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Friday, November 23, 2007

Canadian Film Review: Last Night (1998)

Director: Don McKellar
Starring: Don McKellar, Sandra Oh, Sarah Polley, Callum Keith Rennie

How do you know this is a Canadian film? Well, for one thing, there aren’t any characters running around, trying to defeat the insurmountable threat. For another, look at the scene where Sandra (Oh) goes to the supermarket to pick a bottle of wine. The store is a mess, having already been looted and ransacked but she finds two bottles. She considers both then, deciding on one, puts the other back on the shelf.

Most apocalypse movies are about the threat (the asteroid in Armageddon is far and away more interesting that any of the film’s characters), but this is about how people cope with the knowledge that the threat is imminent and can’t be stopped. The film doesn’t explain to us why the world is going to end – the narrative starts after everyone in the film already knows about it, has panicked over it, and has ultimately begun to make peace with the knowledge. This isn’t a film that explores what the end of the world will be like as much as it explores the things we value as human beings, the traditions and experiences that we wish to hold on to even when we know it’s pointless. A woman makes Christmas dinner for her family, even though it isn’t Christmas, because they’ll never experience it again. A DJ counts down his top 500 songs of all time (“Don’t bother calling in. This time it’s my choice”). A woman runs through the streets, keeping time for anyone who will listen. Craig (Rennie) is going to have as much sex as he can with as many people as he can. Sandra wants to be in love. And Patrick (McKellar) seems to wander from one person’s last night to another.

This is a film full of small, poignant moments. Sandra and Patrick, whom circumstances have essentially stuck together, try to know each other and make whatever relationship they can create matter for whatever time is left. Sandra has spent the day trying to get across town to be with her husband, but as it becomes increasingly apparent that she won’t make it on time, she begins to focus her attention on Patrick. She cautions him to hurry up and make her fall in love with him. To face the end without someone you love, and who loves you, seems tragic. They make the best of it and, when the end does come, they face it kissing each other.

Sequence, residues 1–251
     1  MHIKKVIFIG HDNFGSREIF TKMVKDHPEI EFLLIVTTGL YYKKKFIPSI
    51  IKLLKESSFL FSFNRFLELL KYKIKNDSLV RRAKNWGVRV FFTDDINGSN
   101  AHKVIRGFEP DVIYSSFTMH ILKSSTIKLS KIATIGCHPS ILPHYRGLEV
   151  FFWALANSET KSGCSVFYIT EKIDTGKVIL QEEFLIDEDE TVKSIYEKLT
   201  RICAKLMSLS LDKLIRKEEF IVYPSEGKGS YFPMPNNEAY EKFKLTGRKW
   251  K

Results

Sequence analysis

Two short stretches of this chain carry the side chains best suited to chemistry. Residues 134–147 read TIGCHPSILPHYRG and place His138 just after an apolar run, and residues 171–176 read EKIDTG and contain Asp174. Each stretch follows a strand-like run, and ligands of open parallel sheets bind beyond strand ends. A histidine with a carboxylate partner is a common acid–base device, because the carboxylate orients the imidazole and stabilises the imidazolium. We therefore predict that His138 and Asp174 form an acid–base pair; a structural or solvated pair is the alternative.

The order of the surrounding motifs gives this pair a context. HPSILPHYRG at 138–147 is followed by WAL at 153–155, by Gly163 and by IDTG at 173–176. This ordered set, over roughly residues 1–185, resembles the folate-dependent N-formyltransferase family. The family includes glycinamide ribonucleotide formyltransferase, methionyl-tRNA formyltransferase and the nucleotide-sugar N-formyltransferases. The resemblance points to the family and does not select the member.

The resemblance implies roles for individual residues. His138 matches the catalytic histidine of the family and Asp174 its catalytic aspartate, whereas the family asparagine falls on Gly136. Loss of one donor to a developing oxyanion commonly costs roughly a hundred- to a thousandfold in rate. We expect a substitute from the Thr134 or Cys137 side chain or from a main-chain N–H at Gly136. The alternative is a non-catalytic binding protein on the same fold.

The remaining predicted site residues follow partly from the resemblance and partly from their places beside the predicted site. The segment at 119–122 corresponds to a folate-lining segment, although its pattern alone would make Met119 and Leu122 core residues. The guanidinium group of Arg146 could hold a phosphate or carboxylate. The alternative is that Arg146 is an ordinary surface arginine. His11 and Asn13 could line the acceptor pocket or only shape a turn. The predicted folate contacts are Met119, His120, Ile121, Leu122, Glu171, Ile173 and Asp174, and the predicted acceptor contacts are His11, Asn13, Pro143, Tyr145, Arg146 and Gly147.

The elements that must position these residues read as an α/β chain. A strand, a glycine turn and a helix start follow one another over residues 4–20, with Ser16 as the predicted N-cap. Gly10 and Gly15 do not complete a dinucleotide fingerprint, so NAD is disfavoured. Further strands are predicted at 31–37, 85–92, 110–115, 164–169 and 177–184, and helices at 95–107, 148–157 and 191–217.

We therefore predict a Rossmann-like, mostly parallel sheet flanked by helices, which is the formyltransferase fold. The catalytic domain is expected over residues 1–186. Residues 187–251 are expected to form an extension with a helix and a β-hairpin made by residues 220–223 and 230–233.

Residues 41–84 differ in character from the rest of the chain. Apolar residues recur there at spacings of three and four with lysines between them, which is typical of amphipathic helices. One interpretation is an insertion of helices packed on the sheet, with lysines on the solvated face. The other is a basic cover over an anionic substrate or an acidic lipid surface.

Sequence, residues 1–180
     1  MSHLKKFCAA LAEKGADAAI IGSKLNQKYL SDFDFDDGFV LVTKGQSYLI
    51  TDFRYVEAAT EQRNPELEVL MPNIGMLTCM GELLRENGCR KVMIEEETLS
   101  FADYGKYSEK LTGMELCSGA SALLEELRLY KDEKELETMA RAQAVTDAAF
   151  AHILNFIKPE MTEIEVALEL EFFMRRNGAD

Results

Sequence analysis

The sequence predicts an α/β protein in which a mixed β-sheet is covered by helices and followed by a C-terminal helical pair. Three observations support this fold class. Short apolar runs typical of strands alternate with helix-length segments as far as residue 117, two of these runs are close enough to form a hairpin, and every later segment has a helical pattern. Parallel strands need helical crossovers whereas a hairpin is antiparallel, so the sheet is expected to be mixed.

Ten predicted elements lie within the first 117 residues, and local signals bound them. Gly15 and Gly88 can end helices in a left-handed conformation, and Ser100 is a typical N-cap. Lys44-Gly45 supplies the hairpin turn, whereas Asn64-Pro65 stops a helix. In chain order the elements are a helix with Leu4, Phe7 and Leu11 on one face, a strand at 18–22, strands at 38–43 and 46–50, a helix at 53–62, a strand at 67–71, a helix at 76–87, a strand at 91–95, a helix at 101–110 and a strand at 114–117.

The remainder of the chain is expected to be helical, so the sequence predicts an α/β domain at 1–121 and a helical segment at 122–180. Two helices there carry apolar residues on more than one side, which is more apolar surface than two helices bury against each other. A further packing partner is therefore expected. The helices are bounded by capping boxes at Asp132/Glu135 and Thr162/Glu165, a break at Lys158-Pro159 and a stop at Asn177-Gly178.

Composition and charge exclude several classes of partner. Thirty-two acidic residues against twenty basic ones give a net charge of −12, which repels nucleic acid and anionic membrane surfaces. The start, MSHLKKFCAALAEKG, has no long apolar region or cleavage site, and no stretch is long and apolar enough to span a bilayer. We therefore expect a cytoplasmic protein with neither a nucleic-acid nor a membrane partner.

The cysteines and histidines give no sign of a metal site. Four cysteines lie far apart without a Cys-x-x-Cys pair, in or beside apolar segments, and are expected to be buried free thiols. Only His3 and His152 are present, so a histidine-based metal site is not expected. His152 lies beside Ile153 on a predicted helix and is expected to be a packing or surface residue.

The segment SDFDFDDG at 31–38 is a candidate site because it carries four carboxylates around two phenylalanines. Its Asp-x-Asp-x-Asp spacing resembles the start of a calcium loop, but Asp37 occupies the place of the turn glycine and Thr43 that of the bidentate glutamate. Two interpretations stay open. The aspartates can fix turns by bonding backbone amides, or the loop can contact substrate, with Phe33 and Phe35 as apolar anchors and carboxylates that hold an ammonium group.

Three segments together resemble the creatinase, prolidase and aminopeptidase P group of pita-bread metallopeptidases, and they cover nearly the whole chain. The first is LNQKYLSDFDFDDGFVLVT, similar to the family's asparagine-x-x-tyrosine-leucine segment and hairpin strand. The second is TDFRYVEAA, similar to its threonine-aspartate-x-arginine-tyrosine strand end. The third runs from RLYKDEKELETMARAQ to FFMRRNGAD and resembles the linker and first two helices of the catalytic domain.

The scenes of the Christmas dinner are the ones that have always stuck with me. Patrick and his sister (Polley) are given as presents the toys they cherished most as children. Later, one character begins to lament on behalf of the children of the world, who are going to miss out on so much. Another replies that she shouldn’t feel bad for the children – they don’t know what they’re missing. It’s the older people, those who know all that is about to be lost and swept away, for whom she should feel sorry.

The film finds a nice balance between drama and comedy, with most of the comedy surrounding the character Craig. Patrick goes to Craig to borrow one of his cars so that Sandra can get across town. Craig refuses because his cars are antique, still clinging apparently to the idea that life goes on even though he’s been engaging in an end of the world marathon of sex. After refusing the car, he offers Patrick a chance to be his gay experience. When Patrick expresses reluctance, Craig tries to reassure him by explaining that he’s already had anal sex so it could come in some other variety. There is sadness in Craig’s scenes, but for the most part they add levity to the film.

To really appreciate this film, you must know that it was made and released as the millennium loomed over our heads. It might seem silly now, but at the time there was a sense of unease about what would happen when the clock struck twelve and ushered in the year 2000. The more extreme end saw people readying bunkers and preparing for nothing short of the complete breakdown of civilized society. Of course, nothing happened. The clock struck, one millennium passed and another began and life went on. The film itself isn’t about the millennium, but it is very much about how we feared it and what we were afraid might happen at midnight. In the film, the clock strikes. “It’s over,” declares the marathon woman and then… fade to light.

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